There is also a desire to sustainably increase the infrastructure of recreational facilities within the territory of the National Park. The highlands area is very sensitive area, and it can’t tolerate a large amount of traffic, whether it’s wheels or feet. 

This is as much about making the park accessible as well as about preserving the landscape for future generations of Icelanders, and it is an areas that has a big importance for most Icelanders. 

Jan Zelina

Highlands under threat

Iceland’s geothermal and hydroelectric power potential has long been recognised, and it is these sources of renewable energy from which Iceland derives it’s low cost of residential energy and high standards of living. 

The darker side to recognising the power of these resources is that they have been identified, and indeed used, as energy sources for large-scale development and industrial mega-projects, such as in the aluminium and ferrosilicon industries: energy intensive-industries that require good baseload power. 

The importance of protecting Iceland’s highlands came into strong focus in 2003, when a project that was backed by the National Power Company and Alcoa to build a smelter and dam complex in the East of Iceland. The Kárahnjúkastífla Dam is a five-dam complex, the largest of its type in Europe, standing 193 metres (633 ft) tall with a length of 730 metres (2,400 ft) and comprising 8.5 million cubic metres (300×106 cu ft) of material.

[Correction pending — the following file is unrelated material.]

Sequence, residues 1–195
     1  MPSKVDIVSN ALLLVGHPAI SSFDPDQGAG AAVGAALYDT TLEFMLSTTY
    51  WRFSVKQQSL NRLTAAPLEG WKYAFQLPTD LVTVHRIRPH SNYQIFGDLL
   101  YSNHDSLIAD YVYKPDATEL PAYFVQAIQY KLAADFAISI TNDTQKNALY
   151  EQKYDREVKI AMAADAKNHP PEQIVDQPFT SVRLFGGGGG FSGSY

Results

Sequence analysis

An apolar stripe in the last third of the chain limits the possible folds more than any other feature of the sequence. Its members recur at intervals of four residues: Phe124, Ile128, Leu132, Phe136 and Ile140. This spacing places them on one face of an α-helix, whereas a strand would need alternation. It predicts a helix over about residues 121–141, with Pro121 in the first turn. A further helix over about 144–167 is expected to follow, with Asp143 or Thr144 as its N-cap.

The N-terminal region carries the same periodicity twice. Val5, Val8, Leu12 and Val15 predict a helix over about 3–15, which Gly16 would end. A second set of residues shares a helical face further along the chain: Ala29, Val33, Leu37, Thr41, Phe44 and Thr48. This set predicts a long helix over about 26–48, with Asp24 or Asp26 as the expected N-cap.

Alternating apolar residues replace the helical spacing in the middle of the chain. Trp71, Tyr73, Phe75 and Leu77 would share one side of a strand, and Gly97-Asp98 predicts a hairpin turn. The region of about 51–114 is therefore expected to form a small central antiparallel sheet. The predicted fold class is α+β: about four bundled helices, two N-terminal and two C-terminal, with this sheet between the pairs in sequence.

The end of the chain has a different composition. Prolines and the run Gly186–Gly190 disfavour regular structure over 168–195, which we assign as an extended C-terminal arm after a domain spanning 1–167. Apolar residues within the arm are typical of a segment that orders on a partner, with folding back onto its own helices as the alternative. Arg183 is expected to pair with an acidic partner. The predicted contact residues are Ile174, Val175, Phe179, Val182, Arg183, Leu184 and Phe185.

The project and it’s various voices were covered extensively by National Geographic in 2008. After some years have passed, the project continues to be heavily criticised for it’s environmental impact and use of foreign workers. The use of foreign workers greatly undermines one of the main premises of the initial argument for the project which was that it would lead to a rise in long-term employment in the area. 

As for environmental impacts, the dam complex had a tremendous effect on the local area. 

The dam flooded an enormous area and resulted in the displacement of large population of native wildlife. 

An awareness of the dam and environmental impacts thereof have elevated the conversation about the highland national park to a much higher level. This is also because there are further proposals to develop the highlands in other ways. These include, but are not limited to: